Precocity traits were expressed in conjunction with unwanted traits such as lower weight and smaller fruit size, but it is possible to use Sh in breeding programs through different selection and line derivation techniques that conserve only the loci of the Sh parent that control the traits of interest, which could allow using the Sh alleles in an efficient way (Monforte & Tanksley, 2000; Zamir, 2001).
Average narrow-sense heritability was intermediate (44 %) (Table 2) according to the scale presented by Molina-Galan (1992), ranging from 16 % (DR) to 94 % (TFP), which indicated that most of these traits are of additive effects. Thus, selection methods, such as line derivation, are an alternative for breeding in the case of some of the traits evaluated, while low-heritability traits would have to exploit non-additive effects by hybridization (Amaefula, Agbo, & Nwofia, 2014; Dagade et al., 2015).
Traits such as TFY, TNF, SD, and PH had high heritability, indicating that environmental conditions had little impact on phenotypic variance. Thus, the heritability observed was the result of genetic differences between parents (Flint-Garcia et al., 2005). Hernández-Bautista et al. (2014) and Rodríguez et al. (2008) reported similar values for inter- and intra-specific hybrids of S. lycopersicum L. and S. pimpinellifolium L. in the same traits.
The AFW, ED and B traits had intermediate heritability, so they could be used similarly to the high-heritability traits to take advantage of the additive effects (Table 2). Parra-Gómez et al. (2016) observed intermediate heritability for total soluble solids, fruit weight and fruit diameter in S3 lines derived from an interspecific cross of S. lycopersicum L. with S. pimpinellifolium L.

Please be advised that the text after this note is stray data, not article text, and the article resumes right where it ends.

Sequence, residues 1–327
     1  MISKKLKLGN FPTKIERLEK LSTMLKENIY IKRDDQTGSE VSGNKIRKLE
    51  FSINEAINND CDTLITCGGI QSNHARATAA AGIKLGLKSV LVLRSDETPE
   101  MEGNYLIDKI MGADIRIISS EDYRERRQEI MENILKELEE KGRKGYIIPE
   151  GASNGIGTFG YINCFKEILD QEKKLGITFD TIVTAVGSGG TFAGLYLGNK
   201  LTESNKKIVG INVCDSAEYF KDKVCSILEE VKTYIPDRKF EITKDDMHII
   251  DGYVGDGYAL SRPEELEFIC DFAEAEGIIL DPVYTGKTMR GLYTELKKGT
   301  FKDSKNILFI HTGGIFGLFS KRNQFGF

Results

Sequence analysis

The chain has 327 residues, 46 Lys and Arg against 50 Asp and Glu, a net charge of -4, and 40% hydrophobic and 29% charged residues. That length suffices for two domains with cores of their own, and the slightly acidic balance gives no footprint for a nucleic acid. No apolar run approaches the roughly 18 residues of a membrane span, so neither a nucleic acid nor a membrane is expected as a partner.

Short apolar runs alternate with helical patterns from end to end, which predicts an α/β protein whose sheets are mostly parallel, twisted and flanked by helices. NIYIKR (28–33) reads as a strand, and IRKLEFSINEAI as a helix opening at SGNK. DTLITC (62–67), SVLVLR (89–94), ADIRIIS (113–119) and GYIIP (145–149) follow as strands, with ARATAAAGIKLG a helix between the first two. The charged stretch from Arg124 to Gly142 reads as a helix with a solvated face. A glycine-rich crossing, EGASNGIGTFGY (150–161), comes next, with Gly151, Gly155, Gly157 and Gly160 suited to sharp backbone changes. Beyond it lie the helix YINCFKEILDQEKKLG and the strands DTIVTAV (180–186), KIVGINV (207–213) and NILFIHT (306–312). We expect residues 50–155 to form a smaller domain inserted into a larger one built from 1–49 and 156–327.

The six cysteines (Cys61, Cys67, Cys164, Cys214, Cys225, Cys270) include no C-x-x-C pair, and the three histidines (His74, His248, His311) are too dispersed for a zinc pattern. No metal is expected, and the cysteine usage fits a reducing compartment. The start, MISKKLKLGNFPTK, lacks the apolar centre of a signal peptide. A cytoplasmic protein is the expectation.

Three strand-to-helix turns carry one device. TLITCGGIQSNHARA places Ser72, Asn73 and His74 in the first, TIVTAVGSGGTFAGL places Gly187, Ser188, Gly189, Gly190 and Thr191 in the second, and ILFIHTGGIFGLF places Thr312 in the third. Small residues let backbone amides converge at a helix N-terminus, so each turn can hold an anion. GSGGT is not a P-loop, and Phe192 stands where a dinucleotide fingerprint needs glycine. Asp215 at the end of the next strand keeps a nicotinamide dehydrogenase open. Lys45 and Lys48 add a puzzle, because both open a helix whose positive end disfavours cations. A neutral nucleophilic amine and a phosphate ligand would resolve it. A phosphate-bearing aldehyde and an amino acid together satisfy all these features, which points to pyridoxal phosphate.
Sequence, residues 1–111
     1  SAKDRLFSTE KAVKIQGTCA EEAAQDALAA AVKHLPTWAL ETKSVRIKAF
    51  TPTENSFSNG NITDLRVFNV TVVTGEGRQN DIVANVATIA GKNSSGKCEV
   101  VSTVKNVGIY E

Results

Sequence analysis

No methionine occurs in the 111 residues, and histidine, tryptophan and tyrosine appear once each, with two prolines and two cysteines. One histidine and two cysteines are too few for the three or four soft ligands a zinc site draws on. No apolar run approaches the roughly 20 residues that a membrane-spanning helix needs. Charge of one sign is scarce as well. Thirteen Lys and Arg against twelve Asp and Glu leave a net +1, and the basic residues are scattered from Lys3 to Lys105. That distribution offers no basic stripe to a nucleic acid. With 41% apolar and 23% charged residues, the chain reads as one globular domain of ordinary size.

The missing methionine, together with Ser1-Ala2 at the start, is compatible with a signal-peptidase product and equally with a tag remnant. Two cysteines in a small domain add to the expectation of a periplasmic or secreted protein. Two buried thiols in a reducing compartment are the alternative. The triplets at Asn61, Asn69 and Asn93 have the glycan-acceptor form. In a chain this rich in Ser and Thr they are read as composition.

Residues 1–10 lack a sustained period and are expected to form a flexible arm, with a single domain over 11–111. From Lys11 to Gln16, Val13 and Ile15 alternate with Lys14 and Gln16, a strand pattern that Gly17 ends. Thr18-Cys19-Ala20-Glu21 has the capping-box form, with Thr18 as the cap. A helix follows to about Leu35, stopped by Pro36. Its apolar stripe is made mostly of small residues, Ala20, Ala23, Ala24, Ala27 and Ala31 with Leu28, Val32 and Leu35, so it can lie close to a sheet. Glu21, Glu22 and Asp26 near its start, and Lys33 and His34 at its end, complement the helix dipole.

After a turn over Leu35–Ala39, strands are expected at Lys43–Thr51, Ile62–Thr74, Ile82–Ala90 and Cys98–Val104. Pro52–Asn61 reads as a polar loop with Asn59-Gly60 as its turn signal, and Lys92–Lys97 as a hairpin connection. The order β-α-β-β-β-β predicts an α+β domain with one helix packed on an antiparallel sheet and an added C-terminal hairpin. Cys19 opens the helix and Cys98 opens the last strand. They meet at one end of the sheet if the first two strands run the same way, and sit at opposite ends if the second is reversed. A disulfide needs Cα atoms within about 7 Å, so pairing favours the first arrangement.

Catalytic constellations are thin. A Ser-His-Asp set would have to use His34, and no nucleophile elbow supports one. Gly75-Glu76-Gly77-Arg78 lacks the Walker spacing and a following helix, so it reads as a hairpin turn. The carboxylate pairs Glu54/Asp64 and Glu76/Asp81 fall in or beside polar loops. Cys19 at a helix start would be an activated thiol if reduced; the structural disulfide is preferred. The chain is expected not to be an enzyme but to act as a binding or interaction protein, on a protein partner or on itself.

Heritability was low in the traits NFR, NFL, PD, DFFC, DR, NL and CH. These values suggest that the observed variation was promoted by environmental factors and not by genetic factors, so the hybridization method would be the best for using these traits. El-Gabry, Solieman, and Abido (2014) identified in tomato hybrids that NFL, NFR, and DFFC are of low heritability, so they suggested that these traits are of non-additive effects.
In this study, the parents of cultivated and wild tomato were contrasting because they have a different genetic background for fruit yield and quality variables; this allowed the F1 generation to have traits of interest for improving cultivated tomato, since they would contribute with novel allelic variants of S. habrochaites Knapp & Spooner.
Total soluble solids, stem diameter and plant height showed overdominance of S. habrochaites Knapp & Spooner; in addition, they presented high positive heterosis. Therefore, the LA1223 wild parent is a valuable material for modifying these traits in S. lycopersicum; however, it is necessary to verify the relationship with other traits associated with fruit quality.
The use of S. habrochaites Knapp & Spooner in breeding would be possible by selecting the offspring successive to the cross evaluated, since heritability was intermediate to high for most of the variables evaluated. Thus, this wild relative represents a viable alternative to broaden the genetic base of the breeding programs of cultivated tomato.